How Much Does Health Insurance Cost?

pexels-photo-263370Looking into your future expenses? Are you trying to break down the current expenses you pay now? If you find yourself asking, “ how much does health insurance cost? ”, we’ve got the answers for you!

TFC Title Loans has helped customers in covering unexpected medical costs because of deductibles that were too high. We want to help you be prepared when getting new health insurance by educating you on all the information about health insurance. We don’t want you to stress on the amount that health insurance costs without being sure that you’re getting the best offer you and your health needs.

Important Terms

If this is your first encounter with health insurance, it’s important to know all your terms before you invest into a plan you may not understand.

  • Coinsurance: The percentage of medical and prescription costs that you pay out of pocket.
  • Copay: A fixed money amount you pay for medical services or prescriptions.
  • Deductible: The amount you pay before your insurance plan pays for the benefits.
  • Premium: The amount your insurance costs per month.
  • Maximum out-of-pocket: This is the most money you’ll pay toward any covered expenses (the combination of deductible, copay, and coinsurance). Once you reach this maximum, your insurance pays the remainder of your costs for the year.

Lifestyle to Insurance Premiums

In order to determine how much your health insurance will cost, you have to think about all the determining factors. Insurance companies could base your premiums off of your age, where you live, the type of plan, if you use tobacco, and if it’s going to be just for you or your family.

For example, people who use tobacco can be charged 50% more than those who don’t. If you want the cheapest option, then consider your daily life decisions. It’s based on the type of risk you appear to be to the company.

Types of Plans

Every insurance company has different plans based on a medal categorization. Each category is based on the deductible amount to the premium cost. Reflect on the type of health you have and how many doctor visits or hospital trips you typically make in a year.

  • Bronze

The bronze plans are for people who don’t use a lot of health services in one year. This means that while your premium may be lower, the deductible you have is going to be a lot higher.

  • Silver

This plan is better if you qualify for subsidies and, depending on your income, you may be paying a lower deductible and lower maximum out-of-pocket.

  • Gold

If you regularly use health services or have medications that you need to take on a regular basis, the gold plan will be better for you. The premium may be a little higher than the bronze level, but you will have a lower deductible and a better copay.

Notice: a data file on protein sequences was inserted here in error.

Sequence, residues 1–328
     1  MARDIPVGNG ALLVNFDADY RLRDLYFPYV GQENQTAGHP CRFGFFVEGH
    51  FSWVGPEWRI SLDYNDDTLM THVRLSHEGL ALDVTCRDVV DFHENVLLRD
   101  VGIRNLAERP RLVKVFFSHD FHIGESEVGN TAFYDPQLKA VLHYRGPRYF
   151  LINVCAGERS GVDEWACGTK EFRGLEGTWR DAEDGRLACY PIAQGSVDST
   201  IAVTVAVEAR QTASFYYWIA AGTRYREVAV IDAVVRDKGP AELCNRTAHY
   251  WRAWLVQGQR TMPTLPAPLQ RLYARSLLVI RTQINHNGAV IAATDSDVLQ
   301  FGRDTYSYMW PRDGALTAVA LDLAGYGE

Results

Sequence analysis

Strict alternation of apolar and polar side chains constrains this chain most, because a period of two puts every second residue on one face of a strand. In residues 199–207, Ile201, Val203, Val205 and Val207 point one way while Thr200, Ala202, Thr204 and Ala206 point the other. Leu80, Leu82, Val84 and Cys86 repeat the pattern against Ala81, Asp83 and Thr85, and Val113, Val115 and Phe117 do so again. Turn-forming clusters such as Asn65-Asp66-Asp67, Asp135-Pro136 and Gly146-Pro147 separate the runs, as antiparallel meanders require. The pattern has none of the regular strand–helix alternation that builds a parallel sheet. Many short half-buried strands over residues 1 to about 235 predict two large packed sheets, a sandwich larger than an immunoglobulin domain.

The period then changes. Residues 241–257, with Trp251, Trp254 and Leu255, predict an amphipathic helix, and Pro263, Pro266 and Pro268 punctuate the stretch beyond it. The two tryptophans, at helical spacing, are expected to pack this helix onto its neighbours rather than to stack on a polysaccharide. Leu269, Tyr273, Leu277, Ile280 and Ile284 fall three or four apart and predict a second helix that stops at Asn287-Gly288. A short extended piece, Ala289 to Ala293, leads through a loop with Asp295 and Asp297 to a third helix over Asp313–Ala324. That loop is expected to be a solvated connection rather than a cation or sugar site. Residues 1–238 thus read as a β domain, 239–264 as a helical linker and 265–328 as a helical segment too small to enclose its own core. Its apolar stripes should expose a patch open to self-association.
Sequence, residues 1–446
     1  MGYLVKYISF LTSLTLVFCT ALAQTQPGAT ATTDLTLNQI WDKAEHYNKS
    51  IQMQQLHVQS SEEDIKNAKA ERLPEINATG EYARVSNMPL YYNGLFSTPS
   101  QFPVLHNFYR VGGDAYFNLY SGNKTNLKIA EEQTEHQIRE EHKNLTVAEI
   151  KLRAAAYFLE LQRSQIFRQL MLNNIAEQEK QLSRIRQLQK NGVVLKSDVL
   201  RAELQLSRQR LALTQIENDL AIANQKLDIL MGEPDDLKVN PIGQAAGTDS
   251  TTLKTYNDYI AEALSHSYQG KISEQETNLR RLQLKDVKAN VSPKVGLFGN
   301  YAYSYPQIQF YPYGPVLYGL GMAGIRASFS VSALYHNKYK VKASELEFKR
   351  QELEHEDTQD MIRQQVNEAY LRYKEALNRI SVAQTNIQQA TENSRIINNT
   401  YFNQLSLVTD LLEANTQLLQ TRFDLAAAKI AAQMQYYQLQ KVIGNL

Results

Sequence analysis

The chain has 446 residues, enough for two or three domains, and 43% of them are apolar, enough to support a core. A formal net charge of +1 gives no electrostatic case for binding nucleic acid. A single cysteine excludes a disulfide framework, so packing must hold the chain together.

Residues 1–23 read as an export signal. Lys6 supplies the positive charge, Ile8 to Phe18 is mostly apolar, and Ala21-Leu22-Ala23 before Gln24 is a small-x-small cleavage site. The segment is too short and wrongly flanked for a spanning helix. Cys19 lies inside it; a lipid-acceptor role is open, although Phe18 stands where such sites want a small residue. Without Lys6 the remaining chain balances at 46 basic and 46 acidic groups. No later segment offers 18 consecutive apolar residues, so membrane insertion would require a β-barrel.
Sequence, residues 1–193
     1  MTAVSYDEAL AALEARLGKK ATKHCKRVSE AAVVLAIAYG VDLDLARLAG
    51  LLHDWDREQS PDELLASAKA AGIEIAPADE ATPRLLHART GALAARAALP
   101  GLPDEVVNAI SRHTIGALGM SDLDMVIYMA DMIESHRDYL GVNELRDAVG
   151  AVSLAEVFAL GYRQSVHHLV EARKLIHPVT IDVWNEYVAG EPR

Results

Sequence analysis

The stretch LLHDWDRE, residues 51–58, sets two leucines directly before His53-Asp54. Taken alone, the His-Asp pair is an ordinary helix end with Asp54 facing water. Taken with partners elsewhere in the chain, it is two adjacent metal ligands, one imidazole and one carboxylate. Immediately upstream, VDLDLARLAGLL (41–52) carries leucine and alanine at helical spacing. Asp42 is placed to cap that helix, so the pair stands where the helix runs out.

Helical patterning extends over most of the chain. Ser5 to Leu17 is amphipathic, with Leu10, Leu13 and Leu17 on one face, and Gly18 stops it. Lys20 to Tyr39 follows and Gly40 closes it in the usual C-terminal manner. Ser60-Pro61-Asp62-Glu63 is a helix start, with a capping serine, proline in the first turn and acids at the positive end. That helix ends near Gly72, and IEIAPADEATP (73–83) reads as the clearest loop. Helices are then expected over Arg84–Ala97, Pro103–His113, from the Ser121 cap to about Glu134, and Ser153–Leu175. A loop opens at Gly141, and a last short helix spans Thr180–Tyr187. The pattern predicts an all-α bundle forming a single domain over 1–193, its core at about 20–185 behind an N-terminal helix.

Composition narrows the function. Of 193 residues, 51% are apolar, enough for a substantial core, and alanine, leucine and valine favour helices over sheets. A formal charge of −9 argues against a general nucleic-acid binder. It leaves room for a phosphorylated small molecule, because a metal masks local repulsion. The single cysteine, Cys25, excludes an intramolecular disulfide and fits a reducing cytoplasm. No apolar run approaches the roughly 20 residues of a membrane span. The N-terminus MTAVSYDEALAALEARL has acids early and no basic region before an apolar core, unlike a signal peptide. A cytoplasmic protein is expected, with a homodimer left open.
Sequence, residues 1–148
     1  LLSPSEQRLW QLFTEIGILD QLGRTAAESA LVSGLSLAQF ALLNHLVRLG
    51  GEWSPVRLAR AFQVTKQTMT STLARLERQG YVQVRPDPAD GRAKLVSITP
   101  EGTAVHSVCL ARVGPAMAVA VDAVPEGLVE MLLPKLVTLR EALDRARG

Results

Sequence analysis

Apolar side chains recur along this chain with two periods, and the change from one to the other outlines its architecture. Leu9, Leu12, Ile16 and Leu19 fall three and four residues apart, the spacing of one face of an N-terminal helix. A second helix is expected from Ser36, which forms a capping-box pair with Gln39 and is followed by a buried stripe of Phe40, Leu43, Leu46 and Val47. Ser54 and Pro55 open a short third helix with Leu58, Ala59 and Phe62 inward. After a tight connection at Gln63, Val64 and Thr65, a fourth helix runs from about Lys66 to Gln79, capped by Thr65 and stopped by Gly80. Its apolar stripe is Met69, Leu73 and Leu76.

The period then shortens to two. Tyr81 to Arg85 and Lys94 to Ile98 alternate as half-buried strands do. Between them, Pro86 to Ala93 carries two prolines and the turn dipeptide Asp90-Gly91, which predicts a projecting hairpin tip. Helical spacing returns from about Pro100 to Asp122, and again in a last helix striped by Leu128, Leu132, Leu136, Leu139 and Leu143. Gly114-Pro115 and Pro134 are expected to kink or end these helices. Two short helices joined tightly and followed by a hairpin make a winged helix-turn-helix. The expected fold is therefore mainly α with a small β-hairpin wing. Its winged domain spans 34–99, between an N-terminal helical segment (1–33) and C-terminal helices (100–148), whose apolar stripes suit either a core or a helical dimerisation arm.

• Platinum

This plan is for people who are constantly using different health service, maybe because of a health dilemma that they have to handle. If you have many hospital visits, medical tests, treatments, medications, and doctor visits, consider getting a platinum plan.

HMO vs. PPO

When choosing a plan, you’ll have to choose whether you want HMO or PPO. The difference between these two options is the network they allow you to see.

For HMO, the premiums are typically lower than PPO, but their deductibles are zero or very low. The only problem that some people have with HMO is that it only covers a specific network of doctors and physicians. Before going to any doctors, you have to double check your plan to make sure they are covered in your network. You may also need a special referral to have any specific tests done.

In a PPO plan, they have a more flexible network. Most of the time, you can see anyone you want. PPO does have their own network, which has lower costs for you than seeing just anyone. If you do see someone outside of the network, you’ll still be covered. You also don’t need a referral to see any specialist that you need, and you can just go to them with your insurance. This does mean that, for PPO, your premiums will be higher and they will also have a higher deductible.

For a side-by-side example: the average monthly cost for PPO plans is $548 a month while HMO is $518.

TFC Auto Title Loans

If you have a sudden medical expense that you need to pay, let TFC Title Loans help you! By using the title on your car as collateral, we can get you the funds you need to pay your bills in as little as one business day. The best part is you continue driving your car as you pay off your loan. All you need to do is fill out the online application or give us a call. Don’t let the stress of medical expenses weigh you down.

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